How should we understand seemingly small or isolated actors like these? Glaringly, the answer is in Republican-controlled state legislatures, where lawmakers have spent the last two years introducing hundreds of bills meant to roll back the rights of LGBTQ people—most often hinged on the idea that by doing so they are protecting children. It’s not new rhetoric, but it has been seized upon by those already organized around the “critical race theory” moral panic, a pivot from anti-Black to anti-LGBTQ rhetoric supported by those like Christopher Rufo, architect of the CRT panic. This legislative push has also fed a steady list of outrages to an energized far right, which now includes many of those state lawmakers themselves.

Earlier in May, as an extremist emissary of sorts, Republican Arizona state Senator Wendy Rogers flew hundreds of miles to Idaho to campaign for Idaho Republican Lieutenant Governor Janice McGeachin’s gubernatorial run. Both have espoused conspiracy theory–laced views on abortion and LGBTQ rights—with McGeachin claiming that “radical leftists and satanists” who oppose abortion bans “unapologetically characterize killing babies as a ‘religious abortion ritual’” and Rogers repeatedly linking support for LGBTQ youth to “grooming.”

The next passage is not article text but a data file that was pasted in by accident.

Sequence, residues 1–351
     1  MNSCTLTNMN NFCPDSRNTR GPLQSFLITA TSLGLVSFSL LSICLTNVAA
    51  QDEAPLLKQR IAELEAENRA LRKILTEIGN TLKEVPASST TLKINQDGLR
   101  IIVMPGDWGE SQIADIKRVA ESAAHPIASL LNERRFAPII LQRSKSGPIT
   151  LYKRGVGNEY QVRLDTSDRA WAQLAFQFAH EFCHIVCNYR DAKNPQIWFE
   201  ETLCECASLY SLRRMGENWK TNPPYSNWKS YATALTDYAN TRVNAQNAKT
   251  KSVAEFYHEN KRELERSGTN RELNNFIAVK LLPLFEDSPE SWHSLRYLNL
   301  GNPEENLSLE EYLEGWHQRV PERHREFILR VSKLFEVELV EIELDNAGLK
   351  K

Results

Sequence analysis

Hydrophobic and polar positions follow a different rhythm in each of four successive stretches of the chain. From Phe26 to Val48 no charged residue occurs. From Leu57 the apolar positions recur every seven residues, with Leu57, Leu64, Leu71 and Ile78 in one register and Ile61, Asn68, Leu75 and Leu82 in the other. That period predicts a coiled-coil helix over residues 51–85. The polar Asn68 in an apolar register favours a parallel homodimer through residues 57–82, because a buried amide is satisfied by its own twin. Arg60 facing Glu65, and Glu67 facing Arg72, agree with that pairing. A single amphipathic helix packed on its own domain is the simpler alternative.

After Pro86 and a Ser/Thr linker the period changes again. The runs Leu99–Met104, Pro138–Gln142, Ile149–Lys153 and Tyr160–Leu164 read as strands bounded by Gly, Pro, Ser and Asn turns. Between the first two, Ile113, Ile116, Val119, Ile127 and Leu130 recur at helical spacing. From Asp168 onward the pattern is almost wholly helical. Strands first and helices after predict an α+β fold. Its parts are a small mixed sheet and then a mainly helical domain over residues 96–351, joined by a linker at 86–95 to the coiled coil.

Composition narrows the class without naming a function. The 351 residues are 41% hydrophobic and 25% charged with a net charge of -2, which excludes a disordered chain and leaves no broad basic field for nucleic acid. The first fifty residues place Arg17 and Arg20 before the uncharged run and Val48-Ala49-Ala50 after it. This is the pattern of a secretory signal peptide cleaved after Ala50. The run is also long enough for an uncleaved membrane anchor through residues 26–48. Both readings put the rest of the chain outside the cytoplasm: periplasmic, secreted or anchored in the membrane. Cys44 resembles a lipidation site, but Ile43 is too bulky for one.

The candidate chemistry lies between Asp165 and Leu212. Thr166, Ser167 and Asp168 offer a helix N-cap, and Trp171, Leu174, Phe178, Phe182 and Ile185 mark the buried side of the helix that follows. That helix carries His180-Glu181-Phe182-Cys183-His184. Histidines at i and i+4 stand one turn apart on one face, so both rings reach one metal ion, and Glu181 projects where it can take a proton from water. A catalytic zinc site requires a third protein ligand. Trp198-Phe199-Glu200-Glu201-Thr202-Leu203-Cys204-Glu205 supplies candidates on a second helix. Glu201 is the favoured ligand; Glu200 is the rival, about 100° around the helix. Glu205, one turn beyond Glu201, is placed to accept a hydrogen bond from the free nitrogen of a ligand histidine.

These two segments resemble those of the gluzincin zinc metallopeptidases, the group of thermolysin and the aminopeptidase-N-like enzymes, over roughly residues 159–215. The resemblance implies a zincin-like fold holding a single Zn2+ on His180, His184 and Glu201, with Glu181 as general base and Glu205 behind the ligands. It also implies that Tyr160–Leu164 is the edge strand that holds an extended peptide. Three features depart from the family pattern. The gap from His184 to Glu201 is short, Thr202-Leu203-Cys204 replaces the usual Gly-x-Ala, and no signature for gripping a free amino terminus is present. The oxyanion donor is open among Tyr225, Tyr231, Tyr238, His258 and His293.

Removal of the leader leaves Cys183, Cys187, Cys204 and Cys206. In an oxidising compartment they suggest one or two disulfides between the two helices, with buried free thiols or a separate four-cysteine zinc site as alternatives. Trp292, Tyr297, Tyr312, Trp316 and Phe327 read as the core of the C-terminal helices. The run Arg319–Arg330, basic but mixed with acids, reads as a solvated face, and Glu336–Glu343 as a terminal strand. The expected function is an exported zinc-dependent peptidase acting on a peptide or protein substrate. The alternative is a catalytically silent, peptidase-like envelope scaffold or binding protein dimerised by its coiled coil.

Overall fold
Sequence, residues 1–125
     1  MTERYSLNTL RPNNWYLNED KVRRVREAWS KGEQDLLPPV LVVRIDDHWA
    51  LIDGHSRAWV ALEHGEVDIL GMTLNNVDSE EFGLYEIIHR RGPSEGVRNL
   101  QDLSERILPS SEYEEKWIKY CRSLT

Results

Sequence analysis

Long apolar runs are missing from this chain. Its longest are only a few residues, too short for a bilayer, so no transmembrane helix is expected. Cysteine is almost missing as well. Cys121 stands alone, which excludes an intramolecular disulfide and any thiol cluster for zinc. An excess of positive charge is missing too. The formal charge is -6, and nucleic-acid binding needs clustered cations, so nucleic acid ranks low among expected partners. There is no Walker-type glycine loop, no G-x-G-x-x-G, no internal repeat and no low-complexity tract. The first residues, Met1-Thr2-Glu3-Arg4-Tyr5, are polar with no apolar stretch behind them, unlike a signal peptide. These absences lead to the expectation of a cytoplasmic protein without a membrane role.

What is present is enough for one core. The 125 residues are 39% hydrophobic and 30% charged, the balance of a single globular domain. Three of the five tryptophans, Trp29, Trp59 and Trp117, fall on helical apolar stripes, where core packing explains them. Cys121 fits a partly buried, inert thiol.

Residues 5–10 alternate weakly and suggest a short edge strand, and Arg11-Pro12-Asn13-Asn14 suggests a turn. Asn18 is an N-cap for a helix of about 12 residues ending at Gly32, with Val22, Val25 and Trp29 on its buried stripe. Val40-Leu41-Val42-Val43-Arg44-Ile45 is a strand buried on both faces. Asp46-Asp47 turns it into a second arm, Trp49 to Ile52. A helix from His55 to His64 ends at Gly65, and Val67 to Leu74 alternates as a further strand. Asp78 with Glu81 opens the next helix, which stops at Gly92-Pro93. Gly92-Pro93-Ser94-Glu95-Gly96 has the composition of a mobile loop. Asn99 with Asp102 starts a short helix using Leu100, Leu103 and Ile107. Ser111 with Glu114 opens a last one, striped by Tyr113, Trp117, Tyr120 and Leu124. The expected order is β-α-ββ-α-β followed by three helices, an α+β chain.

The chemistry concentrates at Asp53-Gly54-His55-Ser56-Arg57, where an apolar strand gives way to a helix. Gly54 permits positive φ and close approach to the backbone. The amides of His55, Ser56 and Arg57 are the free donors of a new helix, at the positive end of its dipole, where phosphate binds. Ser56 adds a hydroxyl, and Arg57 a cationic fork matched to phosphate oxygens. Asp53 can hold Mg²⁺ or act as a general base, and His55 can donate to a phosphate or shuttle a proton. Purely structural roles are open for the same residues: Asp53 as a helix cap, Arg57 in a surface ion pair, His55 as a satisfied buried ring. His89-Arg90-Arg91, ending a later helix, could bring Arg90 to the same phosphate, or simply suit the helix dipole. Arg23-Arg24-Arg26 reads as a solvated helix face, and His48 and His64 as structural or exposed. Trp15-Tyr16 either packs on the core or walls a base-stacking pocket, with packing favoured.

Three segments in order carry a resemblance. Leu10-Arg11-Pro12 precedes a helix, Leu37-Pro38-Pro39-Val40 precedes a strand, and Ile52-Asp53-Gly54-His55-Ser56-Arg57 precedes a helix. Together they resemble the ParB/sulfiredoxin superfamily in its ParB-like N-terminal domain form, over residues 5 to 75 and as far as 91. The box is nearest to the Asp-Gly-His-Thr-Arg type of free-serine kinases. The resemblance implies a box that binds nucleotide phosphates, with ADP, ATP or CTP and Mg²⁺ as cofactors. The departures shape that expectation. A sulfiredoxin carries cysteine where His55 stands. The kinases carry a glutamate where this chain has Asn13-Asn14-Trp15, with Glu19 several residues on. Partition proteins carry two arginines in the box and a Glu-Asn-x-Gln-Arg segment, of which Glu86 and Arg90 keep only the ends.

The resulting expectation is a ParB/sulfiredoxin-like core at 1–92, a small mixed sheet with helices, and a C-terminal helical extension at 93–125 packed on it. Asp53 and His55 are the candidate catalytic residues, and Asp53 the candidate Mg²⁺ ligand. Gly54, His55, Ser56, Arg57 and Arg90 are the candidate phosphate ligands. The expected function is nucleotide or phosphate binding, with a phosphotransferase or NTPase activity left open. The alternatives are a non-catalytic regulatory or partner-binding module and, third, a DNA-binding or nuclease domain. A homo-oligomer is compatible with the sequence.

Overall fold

“We can never give up. This is our country, and we’re going to take it back!” said Rogers in her campaign speech for McGeachin, adding later, making her targets clear, “The Left destroys everything it touches.” In March, Rogers and McGeachin made national political news together, concerning their participation in a white nationalist event, the America First Political Action Conference. Both Rogers and McGeachin had delivered remote speeches: “We need to build more gallows,” said Rogers, with an Arizona state flag behind her, to “make an example of these traitors who have betrayed our country.” Afterward, both refused to answer for their role in mainstreaming racist beliefs spread at the conference, like the “great replacement” conspiracy theory.